AN ARTIST’S CALL FOR VIETNAM’S FREEDOM | MAI KHOI | 2018 OFF IN TAIWAN

AN ARTIST’S CALL FOR VIETNAM’S FREEDOM | MAI KHOI | 2018 OFF IN TAIWAN


You know what?
I used to be a pop star. I had a lot of fans,
shows, and money. I even won song of the year award for the
patriotic song that I wrote about my country. Life was so easy and comfortable,
but it wasn’t enough for me. I’m gonna tell you how I got
from there to where I am now. How I get involved in activism,
and what I’ve learned from my experience. Back in 2010, I was already resisting ideas about
what it means to be a Vietnamese woman. What it means to make music in Vietnam.
I wrote song about woman’s freedom. I create a national debate for saying, “I don’t want to have children”, and for not wearing a bra. When I won song of the year award, I was so happy. I shave VN, for Vietnam, the name of my song, in my hair. I was just expressing
myself in a different way. It earns me a lot of fans
and just as many critics. By 2016, I was just got bored
with Vietnamese pop industry. Under the censorship system, I couldn’t
feel free to create art and music. I got bored with singers, artists,
musicians who censored themself. And I start to spend time with dissident artist
who were doing something very interesting thing. Writers who are banned from writing,
publisher who cannot publish. Poets who are poems are
removed from official records. One day, a friend came with an idea,
Mai Khoi, why don’t you nominate yourself for the National Assembly
election as an independent candidate? I didn’t know it was
possible at that time. Normally, the candidate are
Communist Party members. Vietnam is a one-party state that
doesn’t allow any political opposition. Activism are criminalized.The peaceful
protest are brutally crushed. The press are censor, so people
don’t know about their right. But it turn out the law that allow people to nominate
themself as an independent candidate. I took few days
to think about this. I thought, this is a good way to
promote human right and democracy. This is a good chance for people
who want to change their society. If people can get into the parliament,
they can write the new laws. They can change the public policy on issues like environment, violence against women, education, food safety. But first people need the way to get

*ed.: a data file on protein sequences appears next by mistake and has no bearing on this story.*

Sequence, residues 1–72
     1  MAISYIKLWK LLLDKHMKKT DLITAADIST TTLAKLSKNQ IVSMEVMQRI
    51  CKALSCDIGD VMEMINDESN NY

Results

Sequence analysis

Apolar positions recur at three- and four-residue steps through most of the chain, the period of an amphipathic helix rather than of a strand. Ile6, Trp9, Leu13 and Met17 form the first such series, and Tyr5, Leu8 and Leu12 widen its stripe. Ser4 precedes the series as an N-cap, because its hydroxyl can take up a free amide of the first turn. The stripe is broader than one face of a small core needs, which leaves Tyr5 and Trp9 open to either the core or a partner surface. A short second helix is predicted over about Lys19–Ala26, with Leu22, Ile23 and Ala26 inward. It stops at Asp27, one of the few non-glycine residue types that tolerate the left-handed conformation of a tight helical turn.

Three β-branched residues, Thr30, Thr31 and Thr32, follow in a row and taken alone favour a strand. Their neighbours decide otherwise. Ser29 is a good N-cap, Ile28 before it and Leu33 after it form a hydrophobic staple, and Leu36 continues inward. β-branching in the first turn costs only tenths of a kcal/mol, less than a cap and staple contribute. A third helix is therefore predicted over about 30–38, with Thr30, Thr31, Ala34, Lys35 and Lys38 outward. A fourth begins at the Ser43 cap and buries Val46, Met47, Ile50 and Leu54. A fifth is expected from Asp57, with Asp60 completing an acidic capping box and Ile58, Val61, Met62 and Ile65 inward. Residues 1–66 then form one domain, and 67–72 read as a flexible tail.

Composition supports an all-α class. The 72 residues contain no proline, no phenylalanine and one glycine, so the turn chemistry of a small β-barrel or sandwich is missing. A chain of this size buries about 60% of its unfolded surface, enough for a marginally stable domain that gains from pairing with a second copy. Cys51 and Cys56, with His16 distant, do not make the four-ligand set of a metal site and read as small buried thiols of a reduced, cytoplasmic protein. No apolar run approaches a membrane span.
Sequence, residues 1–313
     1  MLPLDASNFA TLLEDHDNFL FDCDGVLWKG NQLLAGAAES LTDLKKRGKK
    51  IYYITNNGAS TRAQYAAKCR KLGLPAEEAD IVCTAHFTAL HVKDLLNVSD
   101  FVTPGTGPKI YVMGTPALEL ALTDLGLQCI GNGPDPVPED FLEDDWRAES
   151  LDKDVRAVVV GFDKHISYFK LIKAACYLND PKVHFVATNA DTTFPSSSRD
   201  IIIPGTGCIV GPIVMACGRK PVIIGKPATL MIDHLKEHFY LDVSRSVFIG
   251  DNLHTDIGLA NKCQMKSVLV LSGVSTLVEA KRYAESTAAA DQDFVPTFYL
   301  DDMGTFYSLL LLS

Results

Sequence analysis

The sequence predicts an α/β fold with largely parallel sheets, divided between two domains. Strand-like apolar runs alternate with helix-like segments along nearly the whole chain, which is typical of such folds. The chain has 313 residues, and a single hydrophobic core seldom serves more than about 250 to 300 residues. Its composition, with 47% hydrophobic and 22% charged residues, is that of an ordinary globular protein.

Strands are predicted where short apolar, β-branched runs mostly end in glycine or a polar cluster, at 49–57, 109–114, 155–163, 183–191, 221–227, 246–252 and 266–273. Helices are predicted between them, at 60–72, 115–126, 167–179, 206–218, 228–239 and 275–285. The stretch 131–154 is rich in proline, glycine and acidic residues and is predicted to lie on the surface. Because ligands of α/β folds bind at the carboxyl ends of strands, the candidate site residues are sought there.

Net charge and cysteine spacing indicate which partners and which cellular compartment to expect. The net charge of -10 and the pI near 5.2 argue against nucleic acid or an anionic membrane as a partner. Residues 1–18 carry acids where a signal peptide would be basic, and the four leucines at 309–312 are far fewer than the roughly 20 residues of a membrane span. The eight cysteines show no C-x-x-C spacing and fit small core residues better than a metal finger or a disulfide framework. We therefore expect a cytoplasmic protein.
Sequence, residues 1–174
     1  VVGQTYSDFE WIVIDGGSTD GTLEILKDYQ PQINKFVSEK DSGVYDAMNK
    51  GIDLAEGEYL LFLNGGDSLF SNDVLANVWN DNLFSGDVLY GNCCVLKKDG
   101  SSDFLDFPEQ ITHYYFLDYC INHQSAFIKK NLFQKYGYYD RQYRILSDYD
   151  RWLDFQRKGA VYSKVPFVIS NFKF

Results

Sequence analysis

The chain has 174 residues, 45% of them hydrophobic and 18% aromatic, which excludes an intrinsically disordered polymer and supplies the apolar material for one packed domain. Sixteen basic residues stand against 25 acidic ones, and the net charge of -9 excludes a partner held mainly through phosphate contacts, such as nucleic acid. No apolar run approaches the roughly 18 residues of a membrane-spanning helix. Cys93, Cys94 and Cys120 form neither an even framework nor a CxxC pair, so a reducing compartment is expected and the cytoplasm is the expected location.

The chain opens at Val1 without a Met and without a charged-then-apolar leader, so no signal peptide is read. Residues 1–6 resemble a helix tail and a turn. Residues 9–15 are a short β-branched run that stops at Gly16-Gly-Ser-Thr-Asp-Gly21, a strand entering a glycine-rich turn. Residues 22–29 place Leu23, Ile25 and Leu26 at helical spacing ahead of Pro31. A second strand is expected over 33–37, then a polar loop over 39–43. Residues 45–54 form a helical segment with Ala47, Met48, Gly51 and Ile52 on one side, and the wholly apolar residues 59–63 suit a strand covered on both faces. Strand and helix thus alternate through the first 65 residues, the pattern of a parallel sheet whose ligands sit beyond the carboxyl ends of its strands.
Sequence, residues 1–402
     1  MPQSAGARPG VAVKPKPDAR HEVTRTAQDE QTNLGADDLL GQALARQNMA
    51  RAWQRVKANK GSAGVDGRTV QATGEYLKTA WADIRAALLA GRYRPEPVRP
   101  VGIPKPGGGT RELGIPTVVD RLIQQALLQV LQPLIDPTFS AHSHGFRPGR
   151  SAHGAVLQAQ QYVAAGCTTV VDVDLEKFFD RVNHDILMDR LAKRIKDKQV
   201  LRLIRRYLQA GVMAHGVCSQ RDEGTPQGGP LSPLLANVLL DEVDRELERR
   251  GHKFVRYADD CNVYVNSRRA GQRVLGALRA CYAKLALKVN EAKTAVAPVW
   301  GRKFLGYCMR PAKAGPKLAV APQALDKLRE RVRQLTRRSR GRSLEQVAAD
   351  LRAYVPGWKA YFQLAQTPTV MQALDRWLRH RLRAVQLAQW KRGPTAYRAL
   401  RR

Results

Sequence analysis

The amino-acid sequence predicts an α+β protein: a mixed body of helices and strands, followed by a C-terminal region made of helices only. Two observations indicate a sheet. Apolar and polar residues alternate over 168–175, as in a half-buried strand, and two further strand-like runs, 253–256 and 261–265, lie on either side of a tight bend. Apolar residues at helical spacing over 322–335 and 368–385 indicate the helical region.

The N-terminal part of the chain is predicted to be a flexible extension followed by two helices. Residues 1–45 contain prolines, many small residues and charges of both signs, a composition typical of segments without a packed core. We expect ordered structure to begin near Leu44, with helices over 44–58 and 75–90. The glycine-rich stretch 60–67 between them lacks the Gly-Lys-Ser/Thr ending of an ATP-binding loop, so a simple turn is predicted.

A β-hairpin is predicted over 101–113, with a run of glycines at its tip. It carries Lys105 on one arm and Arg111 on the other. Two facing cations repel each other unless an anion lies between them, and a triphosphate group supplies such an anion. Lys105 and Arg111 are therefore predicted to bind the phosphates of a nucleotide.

into the ballot. So I nominated. My nomination sparked a
huge debate in Vietnam. At the beginning, the government
officials say thing like if you just only can sing, it’s hard to get into the parliament. Or how can we allow a woman who doesn’t
wear a bra get into the parliament? But the more I was
criticized in media the more people start to question why
the officials trying so hard to discredit me. People start to pay their attention on the electoral process and they could see how I was treated unfairly. Three weeks after my nomination,
my shows was raid by the police. And they publish the article
on the police newspaper to let people know that I am effectively
banned from singing in public. Of course, I was rejected from the
ballot unfairly, but I wasn’t about to give up. Knowing that President Obama was coming to visit Vietnam, I made a video to invite him to meet with me. I thought the meeting would help legitimize my
election campaign and encourage young people. President Obama, I want to meet you
when you come to Vietnam in May. The United States support Vietnam to promote the rule of law, transparency, and civil society. I want to talk about how the United States can
better help Vietnam to reform its legal system. As an independent candidate for the National Assembly I want to talk about how we can
improve our law on elections. People think that I was dreaming, how can